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Questions tagged [countable-nouns]

Countable nouns can be modified by a quantity.

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11answers
19k views

“Less” vs. “fewer”

I've just received a memo which says (effectively) As more people leave, there will be less people available. I want that word to be fewer. Are there guidelines for which word ought to be used ...
32
votes
6answers
30k views

Types of things vs. types of thing

When speaking precisely or technically, one would say that "Homo erectus and homo sapiens are two species of hominid" rather than "Homo erectus and homo sapiens are two species of hominids." The ...
23
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1answer
1k views

British Mass Nouns versus American Count Nouns

British English often employs mass nouns where American English would only employ count nouns. Count nouns are nouns which take pluralization and numerical quantifiers like 'many'. Mass nouns can't be ...
22
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9answers
6k views

Why is it correct to say “fewer calories” when calories are continuous? [duplicate]

This question, "Discrete Units of a Continuous Quantity", asks whether units of a continuous quantity should be spoken of as discrete or continuous. The top answer states The rule is simple, and ...
17
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3answers
3k views

Is “youth” gender-neutral when countable?

Matt Errey at the "English Club" website suggests otherwise. I can easily choose "young people" over "youth," but doing so might suggest I am doing it to increase word count.
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5answers
25k views

The Plural of Email - Emails? [duplicate]

I debated with my peers that we can use the word emails when referring to more than one and it would be grammatically right. But most of them said since we don't say we received mails today, ...
15
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5answers
2k views

Do native speakers of major English varieties actually say “a software” or “softwares”?

So I've looked up the word "software" around, and I've learned that -ware words are uncountable, and there's even a claim at the Wiktionary entry for this word that "a software" or "softwares" are a ...
13
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2answers
22k views

“Less” vs. “Fewer” when referring to a percentage of a countable quantity

Judging by the consensus over at this question, one should use "fewer" over "less" for countable quantities. What about in this situation? [Less or Fewer] than 10.7% of the people were happy. ...
12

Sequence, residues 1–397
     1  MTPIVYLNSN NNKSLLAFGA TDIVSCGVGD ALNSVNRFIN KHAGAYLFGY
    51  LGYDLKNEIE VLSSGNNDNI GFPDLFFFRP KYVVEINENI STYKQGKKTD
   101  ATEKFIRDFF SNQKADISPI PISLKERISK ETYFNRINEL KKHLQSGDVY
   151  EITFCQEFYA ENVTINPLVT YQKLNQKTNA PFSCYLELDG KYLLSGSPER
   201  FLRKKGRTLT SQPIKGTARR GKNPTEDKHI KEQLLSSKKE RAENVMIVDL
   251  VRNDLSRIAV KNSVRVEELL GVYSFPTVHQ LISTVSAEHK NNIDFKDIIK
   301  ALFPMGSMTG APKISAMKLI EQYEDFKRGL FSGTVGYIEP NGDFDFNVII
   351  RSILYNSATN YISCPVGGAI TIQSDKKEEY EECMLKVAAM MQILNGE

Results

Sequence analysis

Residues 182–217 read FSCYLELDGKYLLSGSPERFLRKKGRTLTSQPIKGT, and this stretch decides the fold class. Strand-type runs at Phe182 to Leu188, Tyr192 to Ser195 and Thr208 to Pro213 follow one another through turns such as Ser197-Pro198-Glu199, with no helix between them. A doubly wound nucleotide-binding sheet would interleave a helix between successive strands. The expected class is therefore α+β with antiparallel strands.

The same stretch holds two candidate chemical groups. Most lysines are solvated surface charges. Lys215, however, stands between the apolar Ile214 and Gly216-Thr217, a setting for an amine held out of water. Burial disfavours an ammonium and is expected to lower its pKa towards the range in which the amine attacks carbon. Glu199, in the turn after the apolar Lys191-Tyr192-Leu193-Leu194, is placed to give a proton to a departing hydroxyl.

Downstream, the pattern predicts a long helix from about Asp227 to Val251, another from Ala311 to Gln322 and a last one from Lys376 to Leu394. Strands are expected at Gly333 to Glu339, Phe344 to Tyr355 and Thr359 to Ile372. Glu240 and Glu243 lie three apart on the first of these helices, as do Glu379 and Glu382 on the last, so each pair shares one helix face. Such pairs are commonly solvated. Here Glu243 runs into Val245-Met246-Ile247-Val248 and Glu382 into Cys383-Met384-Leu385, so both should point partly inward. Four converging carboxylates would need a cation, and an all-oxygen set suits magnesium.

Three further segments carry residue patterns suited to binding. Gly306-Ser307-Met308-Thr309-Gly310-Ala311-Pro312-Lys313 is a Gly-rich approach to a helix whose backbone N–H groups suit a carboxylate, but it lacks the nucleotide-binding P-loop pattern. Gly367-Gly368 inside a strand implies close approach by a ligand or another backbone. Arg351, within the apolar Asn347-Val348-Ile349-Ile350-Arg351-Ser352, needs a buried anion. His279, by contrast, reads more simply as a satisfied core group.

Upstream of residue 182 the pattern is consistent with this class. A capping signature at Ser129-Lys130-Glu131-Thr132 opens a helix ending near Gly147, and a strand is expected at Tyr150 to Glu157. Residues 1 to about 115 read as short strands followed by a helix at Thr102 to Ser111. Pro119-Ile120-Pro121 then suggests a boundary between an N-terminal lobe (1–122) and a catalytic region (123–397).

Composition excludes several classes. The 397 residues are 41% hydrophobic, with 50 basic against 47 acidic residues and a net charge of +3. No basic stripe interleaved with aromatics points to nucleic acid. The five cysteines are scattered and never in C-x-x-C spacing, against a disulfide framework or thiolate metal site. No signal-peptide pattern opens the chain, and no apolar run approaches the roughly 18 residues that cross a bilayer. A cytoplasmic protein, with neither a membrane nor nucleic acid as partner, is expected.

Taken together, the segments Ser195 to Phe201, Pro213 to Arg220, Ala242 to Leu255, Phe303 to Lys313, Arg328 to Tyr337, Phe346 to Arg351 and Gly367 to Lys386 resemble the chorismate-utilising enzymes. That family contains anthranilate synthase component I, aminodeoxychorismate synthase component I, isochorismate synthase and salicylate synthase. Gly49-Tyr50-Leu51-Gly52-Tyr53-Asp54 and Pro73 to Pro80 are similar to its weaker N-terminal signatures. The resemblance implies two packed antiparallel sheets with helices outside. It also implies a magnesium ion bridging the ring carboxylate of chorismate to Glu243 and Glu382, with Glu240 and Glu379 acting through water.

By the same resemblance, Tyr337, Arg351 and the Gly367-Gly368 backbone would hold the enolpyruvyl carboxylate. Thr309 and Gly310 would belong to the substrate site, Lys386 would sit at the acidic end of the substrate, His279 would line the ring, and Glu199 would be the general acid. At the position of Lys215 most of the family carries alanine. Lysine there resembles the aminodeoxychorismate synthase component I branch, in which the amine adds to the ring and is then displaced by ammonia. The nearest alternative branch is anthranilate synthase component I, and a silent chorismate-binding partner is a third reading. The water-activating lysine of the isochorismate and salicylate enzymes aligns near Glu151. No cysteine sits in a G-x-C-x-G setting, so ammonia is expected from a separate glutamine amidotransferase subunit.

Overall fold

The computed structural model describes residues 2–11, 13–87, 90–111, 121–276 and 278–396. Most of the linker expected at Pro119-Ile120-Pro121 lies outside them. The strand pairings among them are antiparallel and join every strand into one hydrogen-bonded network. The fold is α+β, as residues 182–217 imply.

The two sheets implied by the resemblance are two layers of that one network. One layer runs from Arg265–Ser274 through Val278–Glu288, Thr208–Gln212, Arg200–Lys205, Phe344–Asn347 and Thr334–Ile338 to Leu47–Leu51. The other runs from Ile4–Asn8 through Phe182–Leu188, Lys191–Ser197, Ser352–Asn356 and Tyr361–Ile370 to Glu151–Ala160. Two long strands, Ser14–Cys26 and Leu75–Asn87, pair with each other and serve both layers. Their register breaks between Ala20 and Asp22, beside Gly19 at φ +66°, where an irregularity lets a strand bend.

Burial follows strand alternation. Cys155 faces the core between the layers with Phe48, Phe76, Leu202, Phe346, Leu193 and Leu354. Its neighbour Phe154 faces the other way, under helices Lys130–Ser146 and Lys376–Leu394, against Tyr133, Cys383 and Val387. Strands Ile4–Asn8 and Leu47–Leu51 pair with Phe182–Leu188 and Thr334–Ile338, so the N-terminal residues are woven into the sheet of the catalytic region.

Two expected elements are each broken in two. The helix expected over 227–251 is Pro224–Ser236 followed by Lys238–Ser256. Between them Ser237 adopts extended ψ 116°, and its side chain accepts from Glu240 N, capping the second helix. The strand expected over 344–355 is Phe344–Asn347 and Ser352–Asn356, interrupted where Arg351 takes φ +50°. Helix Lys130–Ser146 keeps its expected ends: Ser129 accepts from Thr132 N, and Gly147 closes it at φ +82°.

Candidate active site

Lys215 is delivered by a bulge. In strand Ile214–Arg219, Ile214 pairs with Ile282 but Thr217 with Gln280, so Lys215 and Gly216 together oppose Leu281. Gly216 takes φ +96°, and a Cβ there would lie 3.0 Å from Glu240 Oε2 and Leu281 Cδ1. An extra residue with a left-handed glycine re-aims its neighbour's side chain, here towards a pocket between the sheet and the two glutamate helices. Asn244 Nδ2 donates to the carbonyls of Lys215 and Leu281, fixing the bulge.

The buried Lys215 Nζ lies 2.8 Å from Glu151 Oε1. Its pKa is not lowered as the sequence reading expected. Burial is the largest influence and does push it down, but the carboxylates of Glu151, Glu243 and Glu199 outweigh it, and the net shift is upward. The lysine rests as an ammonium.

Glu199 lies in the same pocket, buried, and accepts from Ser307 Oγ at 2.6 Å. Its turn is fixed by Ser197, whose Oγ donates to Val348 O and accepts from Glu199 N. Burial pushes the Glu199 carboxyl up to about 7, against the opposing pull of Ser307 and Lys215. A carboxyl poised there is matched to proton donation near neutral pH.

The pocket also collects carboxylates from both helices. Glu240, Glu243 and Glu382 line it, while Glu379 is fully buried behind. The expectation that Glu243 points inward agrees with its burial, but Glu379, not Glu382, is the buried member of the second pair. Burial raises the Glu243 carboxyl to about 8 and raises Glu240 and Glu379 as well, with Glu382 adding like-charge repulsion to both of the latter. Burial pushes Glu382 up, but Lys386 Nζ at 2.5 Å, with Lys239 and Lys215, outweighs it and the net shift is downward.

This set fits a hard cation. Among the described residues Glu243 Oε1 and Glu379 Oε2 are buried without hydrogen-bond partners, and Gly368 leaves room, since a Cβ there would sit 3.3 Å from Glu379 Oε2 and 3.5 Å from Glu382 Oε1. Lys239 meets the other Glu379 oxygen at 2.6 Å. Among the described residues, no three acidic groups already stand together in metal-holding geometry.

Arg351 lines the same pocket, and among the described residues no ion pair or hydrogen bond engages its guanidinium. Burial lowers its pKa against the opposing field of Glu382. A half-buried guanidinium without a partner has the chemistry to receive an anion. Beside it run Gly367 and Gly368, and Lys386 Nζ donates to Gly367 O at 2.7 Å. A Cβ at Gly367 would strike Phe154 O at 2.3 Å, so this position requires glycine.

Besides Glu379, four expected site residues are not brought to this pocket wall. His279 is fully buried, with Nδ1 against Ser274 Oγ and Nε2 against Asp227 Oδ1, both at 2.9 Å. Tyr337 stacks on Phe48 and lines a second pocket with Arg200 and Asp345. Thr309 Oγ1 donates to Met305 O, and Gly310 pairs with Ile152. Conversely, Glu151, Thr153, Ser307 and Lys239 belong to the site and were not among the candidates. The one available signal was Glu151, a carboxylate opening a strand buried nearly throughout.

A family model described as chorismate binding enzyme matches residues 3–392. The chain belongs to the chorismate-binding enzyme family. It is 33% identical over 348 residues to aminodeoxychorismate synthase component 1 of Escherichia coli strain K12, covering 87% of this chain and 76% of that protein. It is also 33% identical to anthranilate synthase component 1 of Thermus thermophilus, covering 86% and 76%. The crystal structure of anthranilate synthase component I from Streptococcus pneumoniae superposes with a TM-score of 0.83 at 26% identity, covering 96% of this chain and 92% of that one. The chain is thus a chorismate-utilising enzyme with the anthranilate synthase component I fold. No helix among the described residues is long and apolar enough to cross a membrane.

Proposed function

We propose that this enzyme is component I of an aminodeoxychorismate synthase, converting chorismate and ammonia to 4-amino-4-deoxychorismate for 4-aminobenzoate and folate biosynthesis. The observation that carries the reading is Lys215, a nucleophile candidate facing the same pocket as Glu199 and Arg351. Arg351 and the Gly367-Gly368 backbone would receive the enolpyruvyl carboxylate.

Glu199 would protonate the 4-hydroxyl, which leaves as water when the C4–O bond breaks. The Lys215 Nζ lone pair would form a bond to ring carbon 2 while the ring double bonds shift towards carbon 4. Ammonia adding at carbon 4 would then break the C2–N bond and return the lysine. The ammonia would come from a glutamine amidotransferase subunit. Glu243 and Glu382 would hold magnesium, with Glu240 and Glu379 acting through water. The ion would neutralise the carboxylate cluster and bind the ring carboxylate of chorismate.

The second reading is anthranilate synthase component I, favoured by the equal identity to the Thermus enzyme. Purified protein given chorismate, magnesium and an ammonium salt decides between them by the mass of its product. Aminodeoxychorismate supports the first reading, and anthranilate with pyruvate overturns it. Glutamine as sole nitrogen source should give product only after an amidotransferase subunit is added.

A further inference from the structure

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13answers
25k views

Plural of “advice”

The dictionary says that advice can only be used in the singular. But in a specific part of computer science (aspect-oriented programming) this word is used to reference some object that implements ...
11
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4answers
117k views

So, “Some advice” or “some advices”? Which is correct?

"Some advice" or "some advices" as in "I got some advice / advices for you"? So, Which is correct? In Oxford Learner's Dictionaries, "advice" is uncountable noun, so "Some advice" is the correct one....
8
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2answers
3k views

Why do we use the article 'a' when referring to 100 items? But we don't use it when referring to any other plural count?

Edit Note: This question has been linked to these questions about using an article before adjectives modifying numbers. This question here has nothing to do with adjectives at all: Indefinite ...
8
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2answers
15k views

Is it “if you need further instruction” or “if you need further instructions”?

Having a debate with a friend about whether it is "instruction" or "instructions"
8
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4answers
7k views

Is radish countable or uncountable?

Are vegetables like cabbage, lettuce, radish countable or not when we talk about food? Which is correct? "We have some cabbage in the kitchen." Or "We have a cabbage." "I added some radishes to the ...
8
votes
2answers
768 views

Can a word countability change when you are able/unable to count it?

A word's countability is basically defined by its own definition and it seems they generally do not change but are there any exceptions under some circumstances? Or do grammar rules never care about ...
8
votes
1answer
5k views

“I like apples” vs “I like apple”?

If I understand it correctly, nouns for fruits (and certain types of foodstuffs, such as pizza) are used as mass nouns if thought of as "food substance", rather than "portions". So is it correct that ...
7
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4answers
93k views

Why is bread uncountable? How do you describe the “three breads” in the picture?

In this picture there are "three breads", but they are not loaves because loaves can be cut into pieces, and they are not slices either because they weren't cut with a knife. So the only way to refer ...